Some Newport Coast Elementary School parents are keeping their children home amid demands that the Newport-Mesa Unified School District examine new transfer students for coronavirus infection.
Mother Mahtab Thorson wrote to Supt. Fred Navarro “on behalf of many very concerned parents [about] students entering midyear.”
Her letter Thursday called on the district to test transfer students and then retest them within 28 days of a first negative test. She wrote that new students from foreign countries affected by the contagion, as well as the United States, which has multiple cases, should be examined.
“We feel that this is a minor inconvenience which is far outweighed by the extreme risk to the health and lives of our community and children,” she wrote.
She suggested possible legal action, including an “injunction against the school district in allowing new students in until such time as mandatory protocols are put into place regarding testing of the coronavirus.”
Newport Coast parent Andrew Sassani kept his second- and fourth-graders home Thursday and planned to do so again Friday. He said several other parents would do the same.
District spokeswoman Annette Franco said she didn’t have information on the number of student absences at Newport Coast Elementary on Thursday or Friday.
Sassani urged the district, Newport Beach Mayor Will O’Neill and U.S. Rep. Harley Rouda (D-Laguna Beach) to advocate for medically clearing new students before they are enrolled.
It’s “likely that these children/families come from some coronavirus-affected area of the world, with financial means of quickly picking up and moving to Newport Coast,” Sassani said.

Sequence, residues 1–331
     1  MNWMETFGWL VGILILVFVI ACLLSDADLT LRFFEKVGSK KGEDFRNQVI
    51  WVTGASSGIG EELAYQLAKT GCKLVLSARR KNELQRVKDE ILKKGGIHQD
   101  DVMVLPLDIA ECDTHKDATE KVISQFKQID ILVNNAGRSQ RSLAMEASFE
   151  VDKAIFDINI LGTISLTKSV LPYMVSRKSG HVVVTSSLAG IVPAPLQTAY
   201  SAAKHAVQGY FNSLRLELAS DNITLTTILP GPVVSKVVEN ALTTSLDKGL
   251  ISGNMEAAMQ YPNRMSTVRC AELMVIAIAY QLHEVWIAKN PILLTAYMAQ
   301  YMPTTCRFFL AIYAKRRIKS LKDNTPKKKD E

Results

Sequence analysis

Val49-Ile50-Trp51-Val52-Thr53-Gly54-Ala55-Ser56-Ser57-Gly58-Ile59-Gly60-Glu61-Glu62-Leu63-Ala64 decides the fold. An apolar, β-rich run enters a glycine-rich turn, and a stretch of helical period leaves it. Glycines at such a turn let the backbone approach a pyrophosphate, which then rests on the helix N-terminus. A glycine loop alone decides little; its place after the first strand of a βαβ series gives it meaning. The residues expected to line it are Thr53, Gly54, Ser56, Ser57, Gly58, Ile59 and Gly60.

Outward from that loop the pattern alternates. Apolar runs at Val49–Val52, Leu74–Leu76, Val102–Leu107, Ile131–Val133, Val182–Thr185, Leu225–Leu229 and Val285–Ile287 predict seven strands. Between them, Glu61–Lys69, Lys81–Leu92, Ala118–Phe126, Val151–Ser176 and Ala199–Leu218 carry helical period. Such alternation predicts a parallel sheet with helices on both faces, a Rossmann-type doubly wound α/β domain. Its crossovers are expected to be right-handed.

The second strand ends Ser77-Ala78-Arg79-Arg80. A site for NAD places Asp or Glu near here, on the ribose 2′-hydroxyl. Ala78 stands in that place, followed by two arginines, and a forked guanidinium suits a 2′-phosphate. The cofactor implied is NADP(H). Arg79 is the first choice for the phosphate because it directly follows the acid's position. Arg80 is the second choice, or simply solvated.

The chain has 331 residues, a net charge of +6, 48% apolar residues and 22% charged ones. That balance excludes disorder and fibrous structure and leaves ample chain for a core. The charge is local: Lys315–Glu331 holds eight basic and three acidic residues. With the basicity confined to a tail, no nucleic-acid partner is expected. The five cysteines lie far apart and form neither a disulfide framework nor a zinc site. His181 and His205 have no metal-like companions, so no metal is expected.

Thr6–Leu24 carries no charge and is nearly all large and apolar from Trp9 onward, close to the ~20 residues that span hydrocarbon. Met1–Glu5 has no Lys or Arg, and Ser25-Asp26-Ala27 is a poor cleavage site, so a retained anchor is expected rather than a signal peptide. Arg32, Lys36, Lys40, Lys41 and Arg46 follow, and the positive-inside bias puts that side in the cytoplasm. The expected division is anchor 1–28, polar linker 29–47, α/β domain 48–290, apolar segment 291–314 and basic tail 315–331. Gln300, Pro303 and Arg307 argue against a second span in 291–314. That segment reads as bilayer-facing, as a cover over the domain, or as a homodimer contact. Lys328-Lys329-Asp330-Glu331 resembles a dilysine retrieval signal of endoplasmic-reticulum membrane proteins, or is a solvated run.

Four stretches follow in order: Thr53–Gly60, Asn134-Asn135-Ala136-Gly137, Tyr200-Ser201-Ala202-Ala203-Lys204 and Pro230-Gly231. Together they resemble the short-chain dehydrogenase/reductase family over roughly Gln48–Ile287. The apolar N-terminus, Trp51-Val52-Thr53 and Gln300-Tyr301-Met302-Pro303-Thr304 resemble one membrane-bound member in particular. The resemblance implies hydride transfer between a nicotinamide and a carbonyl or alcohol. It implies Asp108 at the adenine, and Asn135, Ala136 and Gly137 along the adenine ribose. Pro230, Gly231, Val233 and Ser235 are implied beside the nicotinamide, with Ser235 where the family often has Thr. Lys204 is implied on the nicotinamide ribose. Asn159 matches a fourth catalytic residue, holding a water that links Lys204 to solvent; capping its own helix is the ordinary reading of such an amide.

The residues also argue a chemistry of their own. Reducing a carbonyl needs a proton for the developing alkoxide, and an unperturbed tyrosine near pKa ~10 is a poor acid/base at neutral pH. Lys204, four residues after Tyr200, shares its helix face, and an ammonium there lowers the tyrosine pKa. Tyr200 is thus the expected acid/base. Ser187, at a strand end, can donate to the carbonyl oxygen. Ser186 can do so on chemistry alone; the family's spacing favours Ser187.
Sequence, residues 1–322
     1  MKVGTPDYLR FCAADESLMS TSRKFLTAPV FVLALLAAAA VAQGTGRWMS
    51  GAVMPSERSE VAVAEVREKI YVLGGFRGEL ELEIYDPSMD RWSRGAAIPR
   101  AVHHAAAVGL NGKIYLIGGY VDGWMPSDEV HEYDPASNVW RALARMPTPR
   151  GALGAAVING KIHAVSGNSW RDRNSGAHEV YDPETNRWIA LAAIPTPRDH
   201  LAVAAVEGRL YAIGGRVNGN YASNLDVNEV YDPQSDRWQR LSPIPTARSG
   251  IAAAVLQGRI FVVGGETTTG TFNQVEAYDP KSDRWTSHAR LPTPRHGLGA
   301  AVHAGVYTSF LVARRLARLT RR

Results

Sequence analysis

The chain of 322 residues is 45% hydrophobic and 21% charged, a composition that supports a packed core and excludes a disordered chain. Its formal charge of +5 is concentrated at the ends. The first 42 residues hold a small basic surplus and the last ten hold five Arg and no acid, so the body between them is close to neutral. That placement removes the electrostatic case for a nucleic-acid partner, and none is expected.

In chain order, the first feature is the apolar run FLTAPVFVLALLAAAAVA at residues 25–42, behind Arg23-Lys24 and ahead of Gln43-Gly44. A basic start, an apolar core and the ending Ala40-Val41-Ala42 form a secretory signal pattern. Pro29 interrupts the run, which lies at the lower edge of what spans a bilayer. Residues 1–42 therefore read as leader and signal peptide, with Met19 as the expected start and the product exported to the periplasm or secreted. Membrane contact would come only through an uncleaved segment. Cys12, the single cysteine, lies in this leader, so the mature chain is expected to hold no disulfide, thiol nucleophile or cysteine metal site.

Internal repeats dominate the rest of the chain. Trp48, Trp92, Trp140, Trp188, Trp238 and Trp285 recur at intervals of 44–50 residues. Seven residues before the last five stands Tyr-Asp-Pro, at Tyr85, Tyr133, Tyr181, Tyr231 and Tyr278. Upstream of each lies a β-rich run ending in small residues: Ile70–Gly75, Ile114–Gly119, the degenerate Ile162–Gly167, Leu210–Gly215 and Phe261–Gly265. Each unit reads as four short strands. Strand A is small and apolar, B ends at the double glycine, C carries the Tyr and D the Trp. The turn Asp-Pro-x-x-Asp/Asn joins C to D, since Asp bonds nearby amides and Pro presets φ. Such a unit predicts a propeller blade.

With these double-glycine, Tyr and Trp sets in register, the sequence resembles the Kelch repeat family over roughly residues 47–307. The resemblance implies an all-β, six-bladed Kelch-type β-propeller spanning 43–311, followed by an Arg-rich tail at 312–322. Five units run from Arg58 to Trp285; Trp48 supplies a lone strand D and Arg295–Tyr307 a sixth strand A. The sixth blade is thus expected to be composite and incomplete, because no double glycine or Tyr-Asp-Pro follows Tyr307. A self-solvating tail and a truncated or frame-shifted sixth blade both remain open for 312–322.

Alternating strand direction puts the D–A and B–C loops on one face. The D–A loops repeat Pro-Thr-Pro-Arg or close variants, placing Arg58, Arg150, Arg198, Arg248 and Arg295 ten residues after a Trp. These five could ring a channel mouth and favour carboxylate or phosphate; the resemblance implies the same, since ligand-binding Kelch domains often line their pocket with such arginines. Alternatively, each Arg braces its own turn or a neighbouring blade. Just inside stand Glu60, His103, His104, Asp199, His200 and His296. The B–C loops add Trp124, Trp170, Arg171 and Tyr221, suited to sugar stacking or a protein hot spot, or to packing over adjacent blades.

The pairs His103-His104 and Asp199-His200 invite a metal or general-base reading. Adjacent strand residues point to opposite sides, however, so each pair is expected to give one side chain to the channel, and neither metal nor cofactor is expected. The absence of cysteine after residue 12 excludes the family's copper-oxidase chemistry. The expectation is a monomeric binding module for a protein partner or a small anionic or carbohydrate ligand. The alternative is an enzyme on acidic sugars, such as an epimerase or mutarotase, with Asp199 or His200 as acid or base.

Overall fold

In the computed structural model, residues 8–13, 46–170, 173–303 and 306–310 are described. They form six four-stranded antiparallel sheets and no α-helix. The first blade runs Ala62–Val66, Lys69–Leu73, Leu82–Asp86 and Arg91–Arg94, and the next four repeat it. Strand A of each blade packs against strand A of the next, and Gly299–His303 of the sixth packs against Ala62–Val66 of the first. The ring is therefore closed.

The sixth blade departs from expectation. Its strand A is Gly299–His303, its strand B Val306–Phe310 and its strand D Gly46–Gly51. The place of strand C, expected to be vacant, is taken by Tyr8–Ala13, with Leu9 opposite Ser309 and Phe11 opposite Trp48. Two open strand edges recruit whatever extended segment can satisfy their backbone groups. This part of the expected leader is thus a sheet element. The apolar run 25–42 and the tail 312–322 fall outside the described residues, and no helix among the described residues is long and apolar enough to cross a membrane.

He said in an interview that word had spread among parents that several new students were bound for Newport Coast Elementary this week, though he did not know the origin of the information.
The Daily Pilot could not verify whether the district is admitting any midyear students — or their nations of origin — to the school on Ridge Park Road.
Franco said privacy laws prohibit her from sharing anything related to specific students.
“If we become aware that students enrolled in our district have traveled from affected regions, we work closely with the healthcare agencies and provide families with the guidelines from expert health agencies and work confidentially and with compassion to support our students,” Franco said.
Some parents suggested on social media that the potential students were from China, where the majority of novel coronavirus, or COVID-19, cases and deaths have occurred.
But Franco cautioned against jumping to conclusions.
“Our district is committed to observing everyone’s rights, as it is related to students being free from discrimination, harassment, intimidation and bullying based on race, color, ancestry, national origin, immigration status, ethnic group identification or where they have traveled,” she said.
Sassani said new families are indeed welcome, but “I think the world is almost at war with this coronavirus” and that it doesn’t matter to him where the students are from.
He said asking for a doctor’s note before joining a school “is not hysterical.”
Newport-Mesa has no reported links to the virus, and health officials have said there are no current cases in Orange County or evidence in the area of person-to-person transmission.
One patient who had traveled from the coronavirus epicenter in Wuhan, China, was diagnosed in January and has recovered, according to the Orange County Health Care Agency.